These have the advantage that they are compact.2.The turbine transformers selected were dry-type cast resin insulated units.975 pu. It is assumed that the transformers were linked to their generator via an isolated phase bus with zero impedance.2. star neutral and HV tapping range of ? 2.5% 690 V 7% Table 4. The rated impedance voltage for this size of transformer was assumed to be 7% based on similar machines. this corresponds to 125% of the generator’s active power rating. A summary of each turbine transformer’s specifications is given in Table 4.5% based on the dry-type transformers at North Hoyle OWF. This transformer rating is higher then any currently available dry-type transformer but it is assumed transformers with this rating will be available in the near future.69 V to a nominal 33 kV collection voltage. Each turbine transformer stepped-up the generator output of 0. This voltage level was chosen as it is the highest available in a dry-type transformer design [46]. Parameter Type Rated power Rated primary voltage Rated frequency Vector group HV tapping range Secondary voltage Rated impedance voltage Value Cast resin 6250 kVA 33 kV (36 kV (Um) equipment voltage) 50 Hz Dyn ? 2.69/33 kV turbine transformer had a rated capacity of 6. Each 0.2 Turbine transformer specification 4.3 Collector cable selection 36 .025 pu and lower limit of 0. Each of the 200 turbine transformers was fitted in the nacelle of every turbine to reduce transmission losses. This means each transformer had a turns ratio upper limit of 1. can be taken apart for ease of installation and no forced cooling is necessary.25 MVA. Each unit had a vector group of delta.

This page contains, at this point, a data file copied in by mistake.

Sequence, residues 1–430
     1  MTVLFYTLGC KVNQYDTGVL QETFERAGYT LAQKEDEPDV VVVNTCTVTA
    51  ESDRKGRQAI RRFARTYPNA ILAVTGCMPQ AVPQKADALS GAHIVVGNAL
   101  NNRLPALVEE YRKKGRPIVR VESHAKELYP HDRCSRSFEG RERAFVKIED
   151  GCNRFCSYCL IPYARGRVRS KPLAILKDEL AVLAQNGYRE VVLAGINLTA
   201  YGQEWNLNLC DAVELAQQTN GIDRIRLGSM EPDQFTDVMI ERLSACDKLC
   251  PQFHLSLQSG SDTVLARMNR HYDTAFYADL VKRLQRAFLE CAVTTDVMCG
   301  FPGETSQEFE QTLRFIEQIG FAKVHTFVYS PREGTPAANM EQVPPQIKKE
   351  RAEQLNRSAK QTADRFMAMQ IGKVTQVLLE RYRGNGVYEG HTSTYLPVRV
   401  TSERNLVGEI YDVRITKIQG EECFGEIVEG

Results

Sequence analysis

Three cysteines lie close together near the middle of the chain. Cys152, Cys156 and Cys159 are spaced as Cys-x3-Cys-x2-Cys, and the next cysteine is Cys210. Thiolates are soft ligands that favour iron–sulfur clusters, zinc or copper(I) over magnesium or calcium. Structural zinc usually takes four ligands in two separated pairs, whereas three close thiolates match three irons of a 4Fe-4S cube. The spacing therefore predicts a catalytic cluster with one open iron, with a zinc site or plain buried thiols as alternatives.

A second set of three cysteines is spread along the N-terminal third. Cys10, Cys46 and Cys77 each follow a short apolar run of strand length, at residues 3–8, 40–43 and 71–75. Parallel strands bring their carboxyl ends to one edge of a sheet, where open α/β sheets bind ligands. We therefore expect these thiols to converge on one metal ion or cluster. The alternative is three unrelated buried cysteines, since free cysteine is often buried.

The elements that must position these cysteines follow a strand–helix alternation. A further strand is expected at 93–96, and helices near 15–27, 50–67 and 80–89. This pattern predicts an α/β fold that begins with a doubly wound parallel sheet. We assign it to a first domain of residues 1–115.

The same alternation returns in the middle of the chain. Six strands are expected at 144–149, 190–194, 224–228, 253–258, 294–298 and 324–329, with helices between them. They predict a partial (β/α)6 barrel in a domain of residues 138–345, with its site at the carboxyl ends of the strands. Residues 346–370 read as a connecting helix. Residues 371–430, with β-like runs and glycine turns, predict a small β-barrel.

A turbine string is simply a number of turbines connected in series to form a chain. the one carrying the most power and work “backwards”. 4. a decision had to be made regarding the number of turbines per string. It was assumed all submarine cables had copper conductors and were XLPE insulated as the quality and life span of this insulation is firmly established and the very low power factor of the XLPE gives only minor dielectric losses even at high voltage. It describes how turbines within the OWF are linked to one another and how in turn individual turbines are connected to the Beatrice. In the collection system. can only carry a certain amount of power). Note that category 5 and 6 are part of the transmission system and are discussed in section 4. depending on what equipment it linked.3.This section deals with the cable section process within the collection system. the cables that must support the largest flow of power are those that connect each turbine “string” to the Beatrice hub. In order to accurately size the category 4 cables. In order to simplify the collector cable selection process. When sizing cables it is often preferred to size the largest cable first i.2. a system was devised where each cable was categorised into one of six groups. Cable category 1 2 3 5 4 1 2 Option 1 or Option 2 or Option 3 6 3 4 5 generator to turbine transformer turbine transformer to turbine busbar turbine busbar to turbine busbar turbine busbar to Beatrice busbar Beatrice busbar to Beatrice transformer 6 Beatrice transformer to Dunbeath busbar Figure 4. because for each additional cable segment (category 3) there is a section-by-section 37 .e. This was achieved by considering the maximum power rating of different cables (as a certain cable conductor CSA. here designated category 4. sizing the intermediate and small cables last.2 The cable categories for the OWF A large number of turbines per string would require very large cable conductor CSA. The various cable categories are illustrated in Fig.